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Old 2007-10-17, 02:20   #1
ShiningArcanine
 
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Default Mersenne theorems question

Are there any theorems that restrict what exponents mersenne prime numbers can have besides the following two?
  • If 2^p - 1 is prime, then p is prime
  • If p is prime, p mod 4 = 3 and 2p+1 is prime, then 2p+1 is a factor of 2^p - 1
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Old 2007-10-17, 02:40   #2
Zeta-Flux
 
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I imagine the second property follows directly from quadratic reciprocity. You could probably make a similar statement using rational quartic reciprocity. I'll try to work it out, and post again.
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Old 2007-10-17, 04:16   #3
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Quartic reciprocity won't immediately apply since q=4p+1 is congruent to 5 mod 8 (when p is an odd prime). So q won't even be a quadratic residue.

Sextic reciprocity shows that if p is a prime, then q=6p+1 divides 2^p-1 if and only if p==1 mod 4 and q=A^2+27*B^2 for some integers A and B. This is already pretty messy. (But it does show, for example, that p=5 leads to q=31=2^2+27*1^2, and so we know 31|2^5-1.)

I imagine that octic reciprocity would give conditions satisfied by the pair p=11 and q=8p+1=89. (One can check that 89|2^11-1.) But these conditions keep getting messier (and harder to check).
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Old 2007-10-17, 16:06   #4
R.D. Silverman
 
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Quote:
Originally Posted by ShiningArcanine View Post
Are there any theorems that restrict what exponents mersenne prime numbers can have besides the following two?
  • If 2^p - 1 is prime, then p is prime
  • If p is prime, p mod 4 = 3 and 2p+1 is prime, then 2p+1 is a factor of 2^p - 1
If p = 3 mod 4, then 2p+1 = 7 mod 8 and hence 2 is a quadratic residue.
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Old 2007-10-17, 16:57   #5
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I am not familiar with quadratic reciprocity and quadratic residues. Would you (plural) elaborate on what they are and why 2 is a quadratic residue?

By the way, it might be helpful if you (plural) know that I am an undergraduate student and so far, I have taken Calculus I, Calculus II, Calculus III and Introduction to Linear Alegbra.
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Old 2007-10-17, 18:11   #6
Zeta-Flux
 
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Since you are an undergraduate, I would recommend that if you want to learn about quadratic residues go ahead and take a class on abstract algebra, and then a basic number theory class.

Alternatively, if you are highly motivated, pick up a book on beginning number theory (like Andrew's book "Number Theory" printed by Dover).
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Old 2012-04-05, 06:54   #7
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Default Octic reciprocity

Does anyone actually know the conditions for octic reciprocity? I would really like to know what they are.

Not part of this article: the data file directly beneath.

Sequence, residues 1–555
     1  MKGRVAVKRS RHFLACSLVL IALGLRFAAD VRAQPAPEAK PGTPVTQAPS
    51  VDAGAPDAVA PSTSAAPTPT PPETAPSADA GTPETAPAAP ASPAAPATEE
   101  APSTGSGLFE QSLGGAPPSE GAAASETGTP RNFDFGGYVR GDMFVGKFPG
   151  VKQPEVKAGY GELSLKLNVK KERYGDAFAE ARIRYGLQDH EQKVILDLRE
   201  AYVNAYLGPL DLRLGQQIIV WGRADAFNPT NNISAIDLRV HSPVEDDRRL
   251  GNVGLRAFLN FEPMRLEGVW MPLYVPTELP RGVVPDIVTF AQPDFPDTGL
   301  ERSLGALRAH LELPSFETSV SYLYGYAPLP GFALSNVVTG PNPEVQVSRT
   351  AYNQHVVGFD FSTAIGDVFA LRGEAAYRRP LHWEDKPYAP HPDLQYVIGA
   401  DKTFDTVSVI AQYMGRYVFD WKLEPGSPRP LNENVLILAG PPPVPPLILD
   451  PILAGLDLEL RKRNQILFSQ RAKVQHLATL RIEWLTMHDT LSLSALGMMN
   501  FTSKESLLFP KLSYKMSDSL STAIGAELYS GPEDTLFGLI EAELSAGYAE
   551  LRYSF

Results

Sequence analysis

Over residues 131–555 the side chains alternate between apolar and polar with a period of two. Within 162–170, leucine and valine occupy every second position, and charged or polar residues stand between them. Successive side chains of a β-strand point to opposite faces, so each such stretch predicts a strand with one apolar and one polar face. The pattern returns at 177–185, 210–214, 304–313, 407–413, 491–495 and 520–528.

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Old 2012-04-05, 11:21   #8
R.D. Silverman
 
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Quote:
Originally Posted by tomtom2357 View Post
Does anyone actually know the conditions for octic reciprocity? I would really like to know what they are.
They are going to be complicated. Prof. Ken Williams is the expert.
"Google is my friend".
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Old 2012-04-05, 11:45   #9
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Quote:
Originally Posted by ShiningArcanine View Post
I am not familiar with quadratic reciprocity and quadratic residues. Would you (plural) elaborate on what they are and why 2 is a quadratic residue?

By the way, it might be helpful if you (plural) know that I am an undergraduate student and so far, I have taken Calculus I, Calculus II, Calculus III and Introduction to Linear Alegbra.
quadratic residues are based in modular (clock) arithmetic and can be found by
x^2=q mod n
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Old 2012-04-05, 15:33   #10
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Quote:
Originally Posted by Zeta-Flux View Post
Quartic reciprocity won't immediately apply since q=4p+1 is congruent to 5 mod 8 (when p is an odd prime). So q won't even be a quadratic residue.

Sextic reciprocity shows that if p is a prime, then q=6p+1 divides 2^p-1 if and only if p==1 mod 4 and q=A^2+27*B^2 for some integers A and B. This is already pretty messy. (But it does show, for example, that p=5 leads to q=31=2^2+27*1^2, and so we know 31|2^5-1.)

I imagine that octic reciprocity would give conditions satisfied by the pair p=11 and q=8p+1=89. (One can check that 89|2^11-1.) But these conditions keep getting messier (and harder to check).
I made a script based on what you said and it finds over 5600 exponents under 28 million to eliminate based on that in around .6 seconds. a more thorough look gives over 11000 but that includes things like p=5 which give 2^p-1.

Last fiddled with by science_man_88 on 2012-04-05 at 16:04
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Old 2012-04-05, 16:08   #11
ATH
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I believe Prime95 uses that factors 2kp+1 are equal to one of these 16 values mod 120:
+-1, +-7, +-17, +-23, +-31, +-41, +-47, +-49 (mod 120)

This is more strict than +-1 (mod 8) which leads to 30 values mod 120.
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